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Trans-Atlantic Economic Integration

In light of the EU-US Summit on April 30, 2007, José Manuel Barroso, president of the European Commission, writes in the International Herald Tribune:
Americans invested four times as much in Belgium in 2005 as they did in China last year. Facts like this one remind us that sometimes, in periods of rapid change, it is important to hang on to the big picture. And the trans-Atlantic economy is as big as it gets. Collectively, the European Union and the United States register more than $3 trillion of commercial sales annually. Bilateral trade between the European Union and the United States accounts for 40 percent of all global trade. Fourteen million jobs are dependent on our economic links.
The EU and US leaders "will sign a framework for greater trans-Atlantic economic integration which sets out a clear vision of where we want to go, adds value to existing work, and provides continuity and accountability." writes Barroso.


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Bill on :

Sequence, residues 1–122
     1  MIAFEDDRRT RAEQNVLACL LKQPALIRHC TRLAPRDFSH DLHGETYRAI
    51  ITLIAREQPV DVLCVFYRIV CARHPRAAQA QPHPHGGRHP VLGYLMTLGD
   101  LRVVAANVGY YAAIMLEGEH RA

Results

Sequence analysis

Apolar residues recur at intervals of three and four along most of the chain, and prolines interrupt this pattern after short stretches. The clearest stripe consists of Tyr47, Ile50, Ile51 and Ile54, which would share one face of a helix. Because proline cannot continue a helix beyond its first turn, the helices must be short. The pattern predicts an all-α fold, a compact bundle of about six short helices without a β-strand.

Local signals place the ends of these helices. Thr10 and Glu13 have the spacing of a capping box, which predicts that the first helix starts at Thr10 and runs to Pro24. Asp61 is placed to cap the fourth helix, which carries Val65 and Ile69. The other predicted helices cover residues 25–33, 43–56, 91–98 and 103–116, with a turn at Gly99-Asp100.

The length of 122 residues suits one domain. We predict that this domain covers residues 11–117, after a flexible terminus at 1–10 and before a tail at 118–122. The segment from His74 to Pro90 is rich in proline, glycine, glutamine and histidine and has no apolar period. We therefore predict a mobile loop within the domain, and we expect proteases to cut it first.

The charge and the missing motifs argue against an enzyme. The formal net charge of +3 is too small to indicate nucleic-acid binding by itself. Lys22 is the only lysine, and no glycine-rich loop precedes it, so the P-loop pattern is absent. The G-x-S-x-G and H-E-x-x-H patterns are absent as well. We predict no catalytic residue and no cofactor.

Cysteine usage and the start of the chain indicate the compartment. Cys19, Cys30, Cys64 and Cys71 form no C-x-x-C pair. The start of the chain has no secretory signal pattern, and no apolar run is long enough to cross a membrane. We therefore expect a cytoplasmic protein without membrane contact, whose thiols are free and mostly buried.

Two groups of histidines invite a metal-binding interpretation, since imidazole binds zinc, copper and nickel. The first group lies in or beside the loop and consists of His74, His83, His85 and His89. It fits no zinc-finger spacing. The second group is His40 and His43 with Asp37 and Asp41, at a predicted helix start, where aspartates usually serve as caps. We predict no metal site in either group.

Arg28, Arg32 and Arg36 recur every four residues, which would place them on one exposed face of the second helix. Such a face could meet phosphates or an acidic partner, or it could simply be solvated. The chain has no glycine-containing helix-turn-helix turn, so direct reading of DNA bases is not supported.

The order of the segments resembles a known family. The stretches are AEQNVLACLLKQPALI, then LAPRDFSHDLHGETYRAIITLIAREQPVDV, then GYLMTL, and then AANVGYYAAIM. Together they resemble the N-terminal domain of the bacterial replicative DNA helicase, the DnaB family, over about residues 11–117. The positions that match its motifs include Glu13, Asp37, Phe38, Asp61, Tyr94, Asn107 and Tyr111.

Jörg, are you aware that Spiegel International edition (English) is running a series of articles in their special feature Transatlantic Relations that would be of interest to your readers? See this URL:,1518,k-6718,00.html I quickly read the article Germany Discovers the U.S. as a Partner detailing the recent visit by Chancellor Angela Merkel to Washington D.C. and was shocked not to see the Atlantic Review listed in the Technorati trackback (blogs following this story). Even the U.S. Library of Congress blog (yep, they have one too) covered the story on the gift by the German government of the 1507 Waldseemüller map detailing of the newly discovered continent America. The map has to be a fake 'cause back in the 16th Century Germans spelled Amerika with a "k" and not with a "c". Here is an excerpt from the Library of Congress site: "Martin Waldseemüller’s 1507 world map grew out of an ambitious project in St. Dié, near Strasbourg, France, during the first decade of the sixteenth century, to document and update new geographic knowledge derived from the discoveries of the late fifteenth and the first years of the sixteenth centuries. Waldseemüller’s large world map was the most exciting product of that research effort, and included data gathered during Amerigo Vespucci’s voyages of 1501–1502 to the New World. Waldseemüller christened the new lands "America" in recognition of Vespucci ’s understanding that a new continent had been uncovered as a result of the voyages of Columbus and other explorers in the late fifteenth century. This is the only known surviving copy of the first printed edition of the map, which, it is believed, consisted of 1,000 copies." So you see, it was the German cartographer Martin Waldseemüller who gave the newly discovered continent its name (America) and not the Italian Amerigo Vespucci as is widely believed. Damn those Germans were smart... once upon a time long, long ago. Germany Discovers the U.S. as a Partner, 30.04.07,1518,480221,00.html U.S. Library of Congress blog Library in the news 04/30/07 Library of Congress Geography and Map Reading Room 1507 Waldseeüller map, Recognizing and Naming America Your buddies over at the European Tribune blog scooped the Speigel International article on how the news media may be partly responsible for the rift in transatlantic relations. Shocking! Really, you think it's true? Spiegel International War of Words - the role of the media in transatlantic relations,1518,478884,00.html European Tribune US and Them - Europe and the U.S. and the media. Sort of.

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